Accession Number
A photograph of six men in military uniforms, at lower center a British officer (Major Guy Audain) stands in a shallow trench gesturing to a distant scene whilst in conversation with an Indian officer (Maharaja Sir Bhupinder Singh GCSI GCIE GCVO GBE of Patiala) who is pointing with his right hand whilst three officers (two Belgian and one Indian) listen intently while two other Belgian officers prepare to enter the trench, the ruins of a large brick building comprising the background scenery.
Guy Mortimer Audain (1864-1940) was married to Sarah Byrd “Byrdie” Dunsmuir (1878-1925), a granddaughter of Joan Dunsmuir of Craigdarroch and daughter of former B.C. Premier and Lieutenant-Governor Hon. James Dunsmuir (1851-1920). Major Audain came out of retirement in British Columbia in order to provide liaison between the British and Indian armies during the Great War. Through his pre-war service in India, Audain became fluent in the Hindi/Urdu and Punjabi languages.

In her book, The Dunsmuir Saga (Reksten, 1991), author Terry Reksten explains that before WWl, Guy Audain was an officer in the Hyderabad Contingent of the Indian Army.

In  2014, Chandar S. Sundaram Ph.D. (McGill), a Victoria-based historian of the colonial Indian Army, provided the following information: 

"The 19th Hyderabad Regiment originated in the Hyderabad Contingent, a force of foot raised by the Hyderabad Nizami (state) at East India Company (EIC) insistence and trained and equipped on the British pattern. The Contingent was eight battalions strong when, in 1853, it was folded into the EIC's Madras Army. Over the next fifty years, recruitment into the Contingent reflected the general reorientation northward, and the Hindu-Muslim ratio of its rank-and-file was fixed at 3:2. The Kitchener reorganization of 1903 abolished the Hyderabad Contingent, but not its constituent battalions. Nineteen years later, in 1922, these battalions were once more grouped together, forming the 19th Hyderabad Regiment. For more information, see: John Gaylor, Sons of John Company: the Indian and Pakistani Armies, 1903-91, (New Delhi: Lancer, 1993), pp. 194-198.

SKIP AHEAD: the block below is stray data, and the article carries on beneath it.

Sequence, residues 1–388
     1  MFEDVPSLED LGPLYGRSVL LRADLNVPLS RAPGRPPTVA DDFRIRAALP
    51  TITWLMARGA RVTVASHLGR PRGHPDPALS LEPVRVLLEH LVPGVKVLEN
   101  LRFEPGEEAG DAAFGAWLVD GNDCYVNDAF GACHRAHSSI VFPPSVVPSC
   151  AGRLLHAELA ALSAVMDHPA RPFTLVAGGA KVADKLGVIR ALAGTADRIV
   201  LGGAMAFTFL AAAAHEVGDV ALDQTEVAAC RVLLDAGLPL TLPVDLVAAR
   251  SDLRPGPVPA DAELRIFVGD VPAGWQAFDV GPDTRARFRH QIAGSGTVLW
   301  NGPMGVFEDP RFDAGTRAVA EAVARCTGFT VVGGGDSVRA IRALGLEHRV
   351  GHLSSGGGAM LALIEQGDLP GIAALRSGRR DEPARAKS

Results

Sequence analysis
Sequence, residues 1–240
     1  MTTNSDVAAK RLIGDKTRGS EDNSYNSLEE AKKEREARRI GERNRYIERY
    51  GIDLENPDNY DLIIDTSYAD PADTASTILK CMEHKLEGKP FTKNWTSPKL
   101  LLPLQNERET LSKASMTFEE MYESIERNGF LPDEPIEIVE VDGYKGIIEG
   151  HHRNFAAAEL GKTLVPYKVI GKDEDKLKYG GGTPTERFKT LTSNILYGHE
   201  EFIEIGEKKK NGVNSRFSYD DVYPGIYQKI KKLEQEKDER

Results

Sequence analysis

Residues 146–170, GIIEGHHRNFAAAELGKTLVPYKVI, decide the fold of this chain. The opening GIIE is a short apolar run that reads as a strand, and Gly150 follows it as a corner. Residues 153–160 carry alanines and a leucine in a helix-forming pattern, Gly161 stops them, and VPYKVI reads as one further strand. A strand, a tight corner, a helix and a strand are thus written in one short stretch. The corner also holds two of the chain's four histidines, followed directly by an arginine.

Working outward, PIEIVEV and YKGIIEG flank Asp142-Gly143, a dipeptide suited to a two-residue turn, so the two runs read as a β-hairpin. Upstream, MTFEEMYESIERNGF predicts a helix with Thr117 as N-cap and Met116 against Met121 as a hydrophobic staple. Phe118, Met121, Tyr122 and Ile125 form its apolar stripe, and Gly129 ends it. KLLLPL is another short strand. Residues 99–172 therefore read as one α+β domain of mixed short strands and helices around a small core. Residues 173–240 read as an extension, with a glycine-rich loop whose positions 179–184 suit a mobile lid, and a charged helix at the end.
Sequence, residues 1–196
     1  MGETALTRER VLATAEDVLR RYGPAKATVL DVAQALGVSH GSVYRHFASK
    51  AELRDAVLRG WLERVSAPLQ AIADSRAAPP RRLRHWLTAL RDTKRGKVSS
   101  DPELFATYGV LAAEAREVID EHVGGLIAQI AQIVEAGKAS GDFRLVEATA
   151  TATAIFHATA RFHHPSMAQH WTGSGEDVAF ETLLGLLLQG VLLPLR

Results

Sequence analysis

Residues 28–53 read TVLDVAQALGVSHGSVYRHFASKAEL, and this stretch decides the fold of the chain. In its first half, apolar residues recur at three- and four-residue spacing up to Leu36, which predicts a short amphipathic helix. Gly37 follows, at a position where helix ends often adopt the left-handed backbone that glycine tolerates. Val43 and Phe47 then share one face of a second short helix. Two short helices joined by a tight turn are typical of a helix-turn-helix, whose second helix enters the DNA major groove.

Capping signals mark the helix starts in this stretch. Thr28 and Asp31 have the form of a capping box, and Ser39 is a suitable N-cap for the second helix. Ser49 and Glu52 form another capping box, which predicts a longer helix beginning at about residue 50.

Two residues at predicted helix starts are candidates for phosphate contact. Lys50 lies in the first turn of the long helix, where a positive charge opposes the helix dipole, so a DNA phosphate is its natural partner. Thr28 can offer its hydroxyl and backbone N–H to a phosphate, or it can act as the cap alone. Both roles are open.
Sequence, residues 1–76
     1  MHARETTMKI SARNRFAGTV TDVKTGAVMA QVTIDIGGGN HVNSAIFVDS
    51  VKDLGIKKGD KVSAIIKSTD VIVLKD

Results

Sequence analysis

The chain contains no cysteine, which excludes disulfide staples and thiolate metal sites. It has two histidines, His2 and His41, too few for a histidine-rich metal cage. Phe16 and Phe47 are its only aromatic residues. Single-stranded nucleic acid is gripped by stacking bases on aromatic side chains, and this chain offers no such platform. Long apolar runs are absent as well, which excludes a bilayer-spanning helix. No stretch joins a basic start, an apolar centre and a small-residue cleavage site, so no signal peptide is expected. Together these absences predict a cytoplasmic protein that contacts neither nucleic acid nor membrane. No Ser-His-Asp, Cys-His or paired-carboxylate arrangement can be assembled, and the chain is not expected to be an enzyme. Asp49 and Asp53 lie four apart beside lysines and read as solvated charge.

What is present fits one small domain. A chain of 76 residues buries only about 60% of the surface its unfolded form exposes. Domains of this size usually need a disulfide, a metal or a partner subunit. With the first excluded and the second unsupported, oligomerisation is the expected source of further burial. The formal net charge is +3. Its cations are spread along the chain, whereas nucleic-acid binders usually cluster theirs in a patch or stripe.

It was quite common for Indian princes (rulers of Indian princely states) to volunteer their services to the Crown in August 1914 - nineteen of them did. One of them was Maharaja Bhupinder Singh of Patiala, who, on 11 Aug. 1914, called on the Government of (British) India's Foreign Secretary, who handled relations with, and supervision of,  the princely states. The Maharaja was "extremely keen" to secure a staff post with the General Officer Commanding the British Expeditionary Force, which the Maharaja had heard was then being readied for despatch to Belgium. Bhupinder Singh was told that it would be very hard for the Government of India to arrange this, but the Foreign Secretary assured Bhupinder that he would mention it to Lord Hardinge, the Viceroy, as well as to the military authorities concerned. Privately, the Foreign Secretary wrote that it would be "...very desirable, from a political point-of-view, that the given an opportunity for active service." As a Sikh, the Maharaja was a member of a "martial race", whose natural inclination, according to the Imperial ideology of the day, was towards warfare. The Maharajas were also seen as staunch political allies of  the Raj. [reference: Note by J.B. Wood, 11 Aug. 1914, in Government of India, Foreign and Political Department Notes, Internal B, Sept. 1914, proceedings 271-284, National Archives of India, New Delhi]"

In May, 1915 Audain went to Ireland hoping to find the body of his nephew, Lt. James Dunsmuir among the remains of the victims of the torpedoing of the RMS Lusitania. He was unsuccessful. 
History of Use
This photograph was owned by Guy Mortimer Audain, later by his son James Guy Payne Audain, and still later by his grandson, Michael James Audain, OC OBC.
1914 – 1918
Photograph Type
Gelatin silver process
Major Guy Audain, Maharaja Bhupinder Singh of Patalia
Paper, Photographic paper

Related people/businesses/organizations
Guy Mortimer Audain (depicts)
Guy Mortimer Audain (owner)
James Guy Payne Audain (owner)
Related Association
Ellora (house) (was used in)
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